BOOTHYes. Mayor Bowser has been committed to the agency to give us exactly what we need in the beginning of the year in various ways to make sure that we maintain a safe and secure environment.
MCCLESKEYI want to ask about that in particular, because there is some discrepancy between the amount asked for and the amount given. I understand that over the past six years the department asked for around $330 million for its capital budget. The amount received was significantly less than that closer to $31 million and the auditor seemed concerned about that. What would that money go for? You say what you get is enough. Then what's not happening with the money that you don't get?
BOOTHSo it's not necessarily -- it's sort of as the deputy mayor had stated far as the pie in the sky and when we're having sort of big visions and big statements that we are looking at. The mayor's office has provided things that we've needed. We had an event that occurred a couple of years ago when we needed a chiller to control the temperatures within the jail to get them to a more regulated space, which we were seeing as a problem, and that was discovered during our preventative maintenance as well as listening to concerns of the men and women that we have in our care.
BOOTHAnd so it's an ongoing thing and when you think about, again, a building that's 40 plus years old, there's things that we know about. And then there's things that we discover. And we discover those things that are outside the realm of what we requested, we have that conversation with the deputy mayor's office and with the mayor's office to ensure that we have what we need to ensure that it's a safe environment.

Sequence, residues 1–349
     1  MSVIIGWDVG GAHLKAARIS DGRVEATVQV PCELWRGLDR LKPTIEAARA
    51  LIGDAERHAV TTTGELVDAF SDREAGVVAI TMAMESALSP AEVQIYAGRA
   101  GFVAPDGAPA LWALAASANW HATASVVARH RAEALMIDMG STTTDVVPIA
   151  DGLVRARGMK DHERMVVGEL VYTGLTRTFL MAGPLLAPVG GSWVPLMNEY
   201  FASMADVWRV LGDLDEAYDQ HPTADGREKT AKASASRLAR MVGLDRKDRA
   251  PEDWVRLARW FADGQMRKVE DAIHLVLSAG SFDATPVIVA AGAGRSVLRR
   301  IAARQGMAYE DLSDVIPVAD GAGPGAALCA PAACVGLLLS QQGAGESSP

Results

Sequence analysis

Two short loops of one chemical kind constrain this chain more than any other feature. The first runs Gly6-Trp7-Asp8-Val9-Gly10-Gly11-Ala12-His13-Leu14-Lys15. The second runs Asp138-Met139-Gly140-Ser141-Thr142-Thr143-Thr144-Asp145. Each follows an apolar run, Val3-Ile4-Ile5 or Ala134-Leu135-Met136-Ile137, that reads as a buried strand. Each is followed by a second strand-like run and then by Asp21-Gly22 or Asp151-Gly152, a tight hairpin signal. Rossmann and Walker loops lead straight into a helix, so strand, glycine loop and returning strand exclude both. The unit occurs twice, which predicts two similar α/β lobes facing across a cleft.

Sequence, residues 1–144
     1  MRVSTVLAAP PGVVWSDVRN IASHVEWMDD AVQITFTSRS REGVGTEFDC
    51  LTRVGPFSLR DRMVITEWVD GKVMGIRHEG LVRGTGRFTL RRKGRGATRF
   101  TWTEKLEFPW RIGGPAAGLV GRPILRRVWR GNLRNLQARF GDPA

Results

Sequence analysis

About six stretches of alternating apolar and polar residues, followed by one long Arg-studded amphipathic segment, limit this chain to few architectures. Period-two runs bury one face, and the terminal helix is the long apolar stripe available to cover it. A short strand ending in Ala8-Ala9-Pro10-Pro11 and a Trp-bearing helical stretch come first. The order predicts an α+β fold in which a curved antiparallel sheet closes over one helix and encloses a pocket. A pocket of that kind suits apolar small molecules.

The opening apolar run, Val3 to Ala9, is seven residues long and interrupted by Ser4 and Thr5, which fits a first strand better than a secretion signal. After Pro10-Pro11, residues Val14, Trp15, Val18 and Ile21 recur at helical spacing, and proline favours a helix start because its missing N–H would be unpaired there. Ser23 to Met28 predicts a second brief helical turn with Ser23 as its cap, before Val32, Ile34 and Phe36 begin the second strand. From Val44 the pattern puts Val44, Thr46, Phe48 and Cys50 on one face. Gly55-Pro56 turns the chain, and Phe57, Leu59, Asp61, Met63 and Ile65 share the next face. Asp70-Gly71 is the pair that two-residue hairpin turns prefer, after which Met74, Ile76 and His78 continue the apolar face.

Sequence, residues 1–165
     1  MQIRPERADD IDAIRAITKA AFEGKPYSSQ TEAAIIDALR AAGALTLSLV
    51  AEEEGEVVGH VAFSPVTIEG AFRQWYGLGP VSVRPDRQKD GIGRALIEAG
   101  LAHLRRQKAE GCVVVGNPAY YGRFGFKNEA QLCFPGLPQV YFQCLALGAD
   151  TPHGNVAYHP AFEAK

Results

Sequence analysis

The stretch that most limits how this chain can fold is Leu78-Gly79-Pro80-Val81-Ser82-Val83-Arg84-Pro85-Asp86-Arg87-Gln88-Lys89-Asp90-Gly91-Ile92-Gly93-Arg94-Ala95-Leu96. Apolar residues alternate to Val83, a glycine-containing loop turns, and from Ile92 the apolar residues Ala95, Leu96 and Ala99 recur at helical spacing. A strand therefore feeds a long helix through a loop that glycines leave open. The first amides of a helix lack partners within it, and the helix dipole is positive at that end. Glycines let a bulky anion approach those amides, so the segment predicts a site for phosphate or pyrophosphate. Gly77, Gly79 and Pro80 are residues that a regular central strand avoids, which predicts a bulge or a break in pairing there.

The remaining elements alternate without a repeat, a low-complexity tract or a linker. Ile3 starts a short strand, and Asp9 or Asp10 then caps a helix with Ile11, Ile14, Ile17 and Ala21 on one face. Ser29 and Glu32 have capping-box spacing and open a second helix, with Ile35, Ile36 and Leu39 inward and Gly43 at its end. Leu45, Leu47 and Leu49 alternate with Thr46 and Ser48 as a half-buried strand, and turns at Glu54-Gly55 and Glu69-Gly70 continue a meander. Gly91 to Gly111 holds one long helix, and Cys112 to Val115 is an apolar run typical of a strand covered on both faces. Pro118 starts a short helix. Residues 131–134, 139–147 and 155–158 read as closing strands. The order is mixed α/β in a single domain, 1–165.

MCCLESKEYHow urgent -- the D.C. auditor's report says that we need a new jail for the city. We do need a new building. Now how urgent is that to you and for the Department of Corrections?
BOOTHIt's an urgent matter and I spoke about this the last time that I was on The Kojo Nnamdi Show. But I must remind you in this conversation that it's not as easy as just saying, we just need a new jail, right? So there's some thoughtful pieces that we must be considerate around. One, again, the Bowser Administration -- so just to set the record straight, we're in alignment as we said this before the auditor's report, around a new jail, but being clear, a new jail is going to be probably one of the largest capital expenses that we take on as a city, right?
BOOTHBut also the fundamental question that we must consider, that the Bowser Administration is committed to is understanding what are we using jails and prisons for, right? And so that consists of us doing with our partners, OVSJG, issued a grant to community based organization that's going to have that conversation of one, what are we using jails and prisons for? And when we have a jail, right, what exactly is needed as it relates to programing space in building on the great programs that we have in the jail. And so it's not a piece of just saying, hey, this is what we know that we need?
BOOTHIt's being very thoughtful of one talking about the criminal justice system and talking about how are people coming in contact, because there are opportunities for diversion that people can go into or there's better placements that people can receive treatment from as it relates to mental health, as it relates to substance abuse, as it relates to low level crimes. There's other alternatives that people can actually take advantage of.
BOOTHAnd so that then drives the conversation, right, around what is the size, the location, etcetera, not just the bed count, but also just around the programmatic needs, how do we actually facilitate that and (unintelligible) forget about healthcare as well too. So it's very -- many different folds.
MCCLESKEYYeah, and it's very complicated. When do you expect to hear back more on what some of those recommendations maybe?
BOOTHSo, to my understanding when talking to my colleague, Michelle Garcia, I believe the award was awarded on the last couple of months or so. And so I know that it is a process that probably will take several months to achieve. They have come to my office and we've talked about it. And I'm actively engaged as well as other community members are engaged to talk about what's needed for a new jail.
MCCLESKEYAnd it requires, I would imagine then also the administration working with the Council to appropriate the funds and to ultimately make it happen.